We had been having some issues with the other corner too - finishing them so they were perfectly smooth and that's how we started experimenting with the corner 'beads' as they are known. Amongst us contractors. Anyway our first instinct was to get a corner trowel. So we went to the hardware store to get one to try. Now, get this. There is an OUTSIDE edge trowel and an INSIDE edge trowel. And as you can see - they are COMPLETELY 100% DIFFERENT.
No way you could ever get those guys confused, right? Whatever. So I'm trying to figure out which one to get to TRY - because to get both and fail would be a waste of money. Except Rich could beat me with one in each hand. And I am NOT convinced you need both of these. So i go ask the guy in the store whether you need both of them. And he says they don't work. Sooo. Back to the corner beads. BUT what I LOVE is that they DON'T WORK but they have two kinds of trowel for you to FAIL at different areas. Fun, right?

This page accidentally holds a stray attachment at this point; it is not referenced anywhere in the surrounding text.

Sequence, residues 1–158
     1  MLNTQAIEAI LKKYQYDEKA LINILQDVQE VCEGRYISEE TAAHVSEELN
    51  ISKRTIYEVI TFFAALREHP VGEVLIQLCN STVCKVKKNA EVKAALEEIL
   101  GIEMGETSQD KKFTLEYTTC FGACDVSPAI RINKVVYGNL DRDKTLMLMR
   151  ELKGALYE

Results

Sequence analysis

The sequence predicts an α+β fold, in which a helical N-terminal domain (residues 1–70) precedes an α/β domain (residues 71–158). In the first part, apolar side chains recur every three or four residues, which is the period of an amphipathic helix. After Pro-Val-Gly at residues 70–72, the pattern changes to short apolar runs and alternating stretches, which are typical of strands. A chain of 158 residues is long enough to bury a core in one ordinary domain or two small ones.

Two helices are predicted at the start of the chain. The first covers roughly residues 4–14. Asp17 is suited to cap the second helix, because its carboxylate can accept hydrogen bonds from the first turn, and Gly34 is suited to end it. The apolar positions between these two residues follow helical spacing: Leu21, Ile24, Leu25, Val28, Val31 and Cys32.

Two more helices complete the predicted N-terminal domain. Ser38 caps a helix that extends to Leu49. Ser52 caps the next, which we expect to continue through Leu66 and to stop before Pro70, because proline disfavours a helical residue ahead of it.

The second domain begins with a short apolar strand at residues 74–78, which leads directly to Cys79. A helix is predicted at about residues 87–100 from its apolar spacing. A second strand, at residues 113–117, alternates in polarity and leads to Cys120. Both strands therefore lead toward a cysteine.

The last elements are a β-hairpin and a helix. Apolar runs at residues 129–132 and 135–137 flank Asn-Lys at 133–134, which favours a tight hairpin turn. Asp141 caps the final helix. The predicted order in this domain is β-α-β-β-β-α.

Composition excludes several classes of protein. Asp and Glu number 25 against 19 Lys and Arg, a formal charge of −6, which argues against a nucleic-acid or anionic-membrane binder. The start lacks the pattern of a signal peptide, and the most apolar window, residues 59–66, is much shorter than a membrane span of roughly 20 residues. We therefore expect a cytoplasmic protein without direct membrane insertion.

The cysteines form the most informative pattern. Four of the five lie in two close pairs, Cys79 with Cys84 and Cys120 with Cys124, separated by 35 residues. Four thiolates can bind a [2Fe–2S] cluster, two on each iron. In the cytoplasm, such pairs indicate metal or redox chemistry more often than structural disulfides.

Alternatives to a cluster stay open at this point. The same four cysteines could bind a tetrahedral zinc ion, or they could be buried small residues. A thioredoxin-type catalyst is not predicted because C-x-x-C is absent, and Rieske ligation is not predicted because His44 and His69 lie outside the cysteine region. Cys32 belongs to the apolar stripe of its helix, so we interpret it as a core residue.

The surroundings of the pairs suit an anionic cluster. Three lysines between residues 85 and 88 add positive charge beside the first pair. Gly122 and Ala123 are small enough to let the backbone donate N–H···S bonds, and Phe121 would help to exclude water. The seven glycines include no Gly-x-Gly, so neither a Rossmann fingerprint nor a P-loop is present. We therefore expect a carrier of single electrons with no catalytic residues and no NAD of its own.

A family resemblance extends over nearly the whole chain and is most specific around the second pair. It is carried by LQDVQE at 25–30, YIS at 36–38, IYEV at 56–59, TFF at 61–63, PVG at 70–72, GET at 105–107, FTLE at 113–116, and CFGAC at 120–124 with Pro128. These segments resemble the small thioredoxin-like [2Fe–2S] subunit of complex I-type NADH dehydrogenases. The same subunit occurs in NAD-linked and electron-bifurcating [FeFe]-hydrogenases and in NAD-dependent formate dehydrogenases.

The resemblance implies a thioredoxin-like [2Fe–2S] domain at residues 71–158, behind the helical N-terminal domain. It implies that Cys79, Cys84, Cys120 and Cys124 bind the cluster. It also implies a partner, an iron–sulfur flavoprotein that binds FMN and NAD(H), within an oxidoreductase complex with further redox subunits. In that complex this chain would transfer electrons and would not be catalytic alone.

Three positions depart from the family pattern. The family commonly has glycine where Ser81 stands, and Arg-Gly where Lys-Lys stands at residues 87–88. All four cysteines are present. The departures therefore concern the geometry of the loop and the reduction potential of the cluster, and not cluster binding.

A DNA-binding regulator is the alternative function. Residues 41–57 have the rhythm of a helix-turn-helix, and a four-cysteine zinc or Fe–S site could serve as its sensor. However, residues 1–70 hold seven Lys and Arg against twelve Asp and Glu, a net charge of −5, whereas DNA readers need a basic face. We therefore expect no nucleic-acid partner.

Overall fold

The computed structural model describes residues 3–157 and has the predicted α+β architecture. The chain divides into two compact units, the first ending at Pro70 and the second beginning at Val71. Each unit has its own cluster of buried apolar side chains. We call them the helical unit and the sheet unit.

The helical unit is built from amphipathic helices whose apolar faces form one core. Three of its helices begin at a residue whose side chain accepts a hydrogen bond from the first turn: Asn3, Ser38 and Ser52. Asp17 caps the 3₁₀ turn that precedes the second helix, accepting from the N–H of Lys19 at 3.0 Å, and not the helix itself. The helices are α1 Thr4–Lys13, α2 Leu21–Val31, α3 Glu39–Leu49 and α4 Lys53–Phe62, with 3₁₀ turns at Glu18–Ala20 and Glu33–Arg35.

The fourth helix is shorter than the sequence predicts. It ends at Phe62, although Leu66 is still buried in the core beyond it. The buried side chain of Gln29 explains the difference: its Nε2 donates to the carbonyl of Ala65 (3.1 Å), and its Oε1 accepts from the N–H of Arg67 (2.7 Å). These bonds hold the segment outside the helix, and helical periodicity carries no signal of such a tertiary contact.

So - anyway I'm at Carters and I look for the rounded bead stuff yesterday and - bummer - I can't find it. I found the sharp corner pieces (and we got a couple to try them) but no rounded edges. Darn. Here's what the normal corner stuff looks like.
Next day Rich comes in from a Carter's trip carrying a stack of them. They were standing right next to the others apparently. Eagle Eye Jo Jo.
And here's what the rounded stuff (officially called 'bullnose bead') looks like:
It's kind of ingenious cause if you look at the picture you'll see how the 'real' drywall corners can just continue and meet at an apex BENEATH this new manufactured curve. So IT gets support and YOU get your rounded edge. That's the theory. Let's see if we can make it work without making it look like our apartment is made of lego.